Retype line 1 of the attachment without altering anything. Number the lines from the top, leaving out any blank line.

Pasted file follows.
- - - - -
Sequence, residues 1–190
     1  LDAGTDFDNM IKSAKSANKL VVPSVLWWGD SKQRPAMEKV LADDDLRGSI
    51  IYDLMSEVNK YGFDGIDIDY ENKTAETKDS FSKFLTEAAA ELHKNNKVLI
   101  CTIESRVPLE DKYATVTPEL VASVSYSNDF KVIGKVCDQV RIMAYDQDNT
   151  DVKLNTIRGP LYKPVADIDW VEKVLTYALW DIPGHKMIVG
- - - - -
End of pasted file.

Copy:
Sequence, residues 1–190